3. Add 4 onions worth (2/3 of the pile) to a large frying pan with generous amount of sizzling olive oil (3-4 Tbsp). Stir frequently on med to high heat until onions are clear and edges are browning. Set aside.
4. Sprinkle remaining onions with one and one-half teaspoons of salt and chop as fine as possible, even until the onions begin to become paste-like.
5. Use the back of a fork to mash the eggplant with all the onions (cooked and raw) until well mixed.
6. If you like, you can also add one-half teaspoon black pepper, or mash a couple cloves of fresh garlic with the raw onion, or sprinkle the top with parsley prior to serving. Also, use a food processor if you like, but be careful to pulse just a few times or the texture will become thick and gummy.
Serves 6-8, warm or cold.
Thank you, Grandma Rosie, and Happy Mother’s Day to you.

The Problem with Girl Scout Cookies

In one memorable scene from the movie The Addams Family, young Wednesday Addams asks the uniformed adolescent who rings the bell at her front door if the cookies she is selling are made with real Girl Scouts. Well, Wednesday, I would say that yes, in a way they are.

I was a Girl Scout, and I went to Girl Scout camp for many years. I wore a sash that was covered with badges. I even sold Girl Scout cookies in my neighborhood. But I am no longer 12 years old.

Girl Scout cookies got their start in 1922 when a few ambitious young women and their moms made sugar cookies for a bake sale. The recipe (see below) looked exactly as you would expect. At the first officially organized sale, the Scouts sold homemade cookies at the windows of local Philadelphia utility companies. By 1936, however, 125 troops were working with commercial bakers who had been licensed for the purpose. Girl Scouts sold other things besides cookies. During World War II, for instance, a shortage of flour, sugar, and butter led Girl Scouts to sell newspapers. In 1943 they sold War Bonds (not for profit).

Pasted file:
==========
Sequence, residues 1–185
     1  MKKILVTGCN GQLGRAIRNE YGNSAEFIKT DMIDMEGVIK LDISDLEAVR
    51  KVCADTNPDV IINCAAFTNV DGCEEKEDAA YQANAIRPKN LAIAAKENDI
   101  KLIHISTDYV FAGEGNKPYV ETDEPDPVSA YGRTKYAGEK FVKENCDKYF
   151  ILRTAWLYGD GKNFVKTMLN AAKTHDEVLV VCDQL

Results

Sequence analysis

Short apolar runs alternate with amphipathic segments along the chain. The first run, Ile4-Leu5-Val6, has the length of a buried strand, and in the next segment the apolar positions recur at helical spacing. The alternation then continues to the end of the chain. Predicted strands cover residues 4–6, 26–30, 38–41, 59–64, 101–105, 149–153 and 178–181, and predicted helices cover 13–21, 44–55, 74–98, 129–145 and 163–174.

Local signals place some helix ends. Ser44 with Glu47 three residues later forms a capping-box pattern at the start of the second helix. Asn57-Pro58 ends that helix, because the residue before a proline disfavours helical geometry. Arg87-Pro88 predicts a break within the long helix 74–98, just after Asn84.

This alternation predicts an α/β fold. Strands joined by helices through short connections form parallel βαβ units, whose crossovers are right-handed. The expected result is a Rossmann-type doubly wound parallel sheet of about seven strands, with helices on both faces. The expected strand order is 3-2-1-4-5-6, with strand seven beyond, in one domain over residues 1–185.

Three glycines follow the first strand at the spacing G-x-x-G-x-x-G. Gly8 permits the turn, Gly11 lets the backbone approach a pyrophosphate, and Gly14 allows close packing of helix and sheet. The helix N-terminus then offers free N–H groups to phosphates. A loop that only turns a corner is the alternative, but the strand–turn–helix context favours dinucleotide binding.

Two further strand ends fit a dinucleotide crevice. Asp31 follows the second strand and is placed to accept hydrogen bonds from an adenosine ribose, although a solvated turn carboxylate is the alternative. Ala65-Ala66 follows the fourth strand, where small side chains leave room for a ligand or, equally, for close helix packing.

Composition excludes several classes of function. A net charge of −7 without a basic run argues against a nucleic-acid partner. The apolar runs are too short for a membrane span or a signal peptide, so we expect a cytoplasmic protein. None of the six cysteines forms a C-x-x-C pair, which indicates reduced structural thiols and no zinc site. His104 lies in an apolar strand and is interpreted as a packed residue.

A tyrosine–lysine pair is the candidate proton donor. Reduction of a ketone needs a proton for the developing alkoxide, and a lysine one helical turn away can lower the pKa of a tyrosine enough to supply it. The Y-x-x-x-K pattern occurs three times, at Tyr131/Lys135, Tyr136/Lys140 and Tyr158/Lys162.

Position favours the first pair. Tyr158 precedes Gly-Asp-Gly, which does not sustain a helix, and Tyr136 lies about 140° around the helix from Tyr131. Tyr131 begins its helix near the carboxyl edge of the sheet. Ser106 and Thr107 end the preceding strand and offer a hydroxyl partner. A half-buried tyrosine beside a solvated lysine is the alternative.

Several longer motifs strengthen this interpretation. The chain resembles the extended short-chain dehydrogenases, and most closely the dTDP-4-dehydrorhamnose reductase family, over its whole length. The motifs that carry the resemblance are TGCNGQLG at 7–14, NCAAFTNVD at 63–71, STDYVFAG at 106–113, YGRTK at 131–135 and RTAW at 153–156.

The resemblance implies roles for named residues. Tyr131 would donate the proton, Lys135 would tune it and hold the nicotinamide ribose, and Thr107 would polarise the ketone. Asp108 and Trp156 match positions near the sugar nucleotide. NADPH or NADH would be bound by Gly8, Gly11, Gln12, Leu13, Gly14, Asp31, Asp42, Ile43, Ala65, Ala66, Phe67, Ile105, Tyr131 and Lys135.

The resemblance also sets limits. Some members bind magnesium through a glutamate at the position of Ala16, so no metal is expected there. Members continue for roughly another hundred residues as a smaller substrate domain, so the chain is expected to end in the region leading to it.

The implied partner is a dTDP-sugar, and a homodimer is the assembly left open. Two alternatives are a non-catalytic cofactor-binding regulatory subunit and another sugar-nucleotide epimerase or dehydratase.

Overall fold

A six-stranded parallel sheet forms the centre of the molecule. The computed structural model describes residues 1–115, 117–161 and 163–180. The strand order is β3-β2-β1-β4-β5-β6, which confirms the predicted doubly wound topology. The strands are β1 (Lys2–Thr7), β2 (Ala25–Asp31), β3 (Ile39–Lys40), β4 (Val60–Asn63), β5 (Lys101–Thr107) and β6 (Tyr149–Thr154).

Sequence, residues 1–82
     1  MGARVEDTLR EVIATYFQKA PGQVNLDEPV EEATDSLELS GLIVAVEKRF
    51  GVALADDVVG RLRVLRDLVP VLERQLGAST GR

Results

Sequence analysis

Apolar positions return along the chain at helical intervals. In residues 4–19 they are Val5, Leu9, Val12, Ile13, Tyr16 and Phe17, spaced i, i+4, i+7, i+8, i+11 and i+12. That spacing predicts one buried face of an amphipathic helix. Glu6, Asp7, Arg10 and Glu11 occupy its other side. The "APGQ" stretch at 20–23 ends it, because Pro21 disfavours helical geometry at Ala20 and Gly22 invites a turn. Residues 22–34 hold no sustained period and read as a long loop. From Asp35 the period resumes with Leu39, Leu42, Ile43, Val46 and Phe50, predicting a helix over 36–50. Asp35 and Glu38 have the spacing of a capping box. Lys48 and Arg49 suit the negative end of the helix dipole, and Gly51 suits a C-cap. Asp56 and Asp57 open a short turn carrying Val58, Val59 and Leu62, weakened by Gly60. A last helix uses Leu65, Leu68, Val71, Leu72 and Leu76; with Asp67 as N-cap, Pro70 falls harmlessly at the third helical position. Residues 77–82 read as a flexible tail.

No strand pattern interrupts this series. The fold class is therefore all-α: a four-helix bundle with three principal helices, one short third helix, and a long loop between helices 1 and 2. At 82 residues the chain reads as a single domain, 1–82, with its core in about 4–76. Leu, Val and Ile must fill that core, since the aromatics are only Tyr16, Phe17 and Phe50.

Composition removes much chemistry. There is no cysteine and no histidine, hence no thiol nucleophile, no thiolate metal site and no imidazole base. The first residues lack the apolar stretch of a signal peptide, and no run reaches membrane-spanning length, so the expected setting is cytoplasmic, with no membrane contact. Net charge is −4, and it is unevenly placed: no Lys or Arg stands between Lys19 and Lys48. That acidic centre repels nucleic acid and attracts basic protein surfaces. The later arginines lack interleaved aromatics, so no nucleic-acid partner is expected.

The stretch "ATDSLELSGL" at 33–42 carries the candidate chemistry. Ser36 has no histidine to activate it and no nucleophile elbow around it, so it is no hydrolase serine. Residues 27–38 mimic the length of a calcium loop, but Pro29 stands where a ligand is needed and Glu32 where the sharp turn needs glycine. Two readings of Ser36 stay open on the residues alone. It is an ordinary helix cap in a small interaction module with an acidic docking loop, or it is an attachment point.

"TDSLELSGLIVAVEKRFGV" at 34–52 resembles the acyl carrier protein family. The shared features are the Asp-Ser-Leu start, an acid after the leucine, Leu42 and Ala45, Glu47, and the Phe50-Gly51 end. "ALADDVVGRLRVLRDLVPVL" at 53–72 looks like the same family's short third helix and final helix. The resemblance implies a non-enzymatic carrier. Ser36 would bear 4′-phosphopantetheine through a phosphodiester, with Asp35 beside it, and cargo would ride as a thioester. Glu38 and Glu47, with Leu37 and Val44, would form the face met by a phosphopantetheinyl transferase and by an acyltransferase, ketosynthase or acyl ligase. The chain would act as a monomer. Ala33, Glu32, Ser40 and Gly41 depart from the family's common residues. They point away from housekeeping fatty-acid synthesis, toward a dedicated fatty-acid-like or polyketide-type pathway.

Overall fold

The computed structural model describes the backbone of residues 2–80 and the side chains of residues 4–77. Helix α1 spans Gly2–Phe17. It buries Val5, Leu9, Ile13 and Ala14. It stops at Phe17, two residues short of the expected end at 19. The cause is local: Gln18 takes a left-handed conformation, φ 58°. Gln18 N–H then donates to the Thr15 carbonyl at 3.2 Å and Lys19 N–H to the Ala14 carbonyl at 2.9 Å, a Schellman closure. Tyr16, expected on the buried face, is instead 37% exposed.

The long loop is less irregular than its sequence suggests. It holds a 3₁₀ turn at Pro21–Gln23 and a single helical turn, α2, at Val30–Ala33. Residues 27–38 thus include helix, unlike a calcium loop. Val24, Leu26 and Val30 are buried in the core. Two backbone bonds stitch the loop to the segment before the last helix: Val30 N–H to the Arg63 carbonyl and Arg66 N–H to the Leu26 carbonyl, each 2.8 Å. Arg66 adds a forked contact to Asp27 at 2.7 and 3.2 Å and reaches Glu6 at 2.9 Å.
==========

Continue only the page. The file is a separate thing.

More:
Throughout the 1950s, 60s, and 70s, Girl Scouts experimented with many different recipes. Just like McDonalds. 

In 1978 the National Council standardized packaging and pricing systems, and reduced the number of licensed bakeries. By the 1980s, the Girl Scouts’ control over a sizable segment of the cookie market led to an agreement with Keebler, owned by Kellogg’s, along with two other licensed bakeries. Cookie sale awards were instituted in 1998. The cost of the awards, of course, is factored into the funds that are returned to each troop.

But my big beef with Girl Scout cookies is not the business arrangement. It’s the ingredient list. Most brands contain at least three types of sugar, including sugar, invert sugar, and dextrose. Yes, I know they’re cookies. But let’s call sugar sugar, and remember that home-baked cookies don’t contain invert sugar, dextrose, or corn syrup solids. 

Why do all mentions of “enriched flour” include a detailed list of all the B vitamins added back after the flour was stripped? Well, it has the effect of pushing back the first mention of the word “sugar” much farther in the ingredient list, to make it appear as if it is not a major ingredient. Even though it is.

At least one type of cookie contains caramel coloring. A study published in JAMA, the Journal of the American Medical Association, demonstrated a positive association between caramel coloring and risk of high blood pressure. If we stop buying it, maybe they will stop making it.

On their official website, the Girl Scouts of America organization justifies the widespread enlistment of children to serve as representatives for commercial baked goods manufacturers by emphasizing that selling builds people skills and confidence, decision making, creative thinking, fair business practice, and, yes, money management. Many other activities also accomplish the development of these skills.

What else are we teaching? 

#1 That it’s okay to sell (and eat) large, even absurdly large, amounts of white flour and sugar.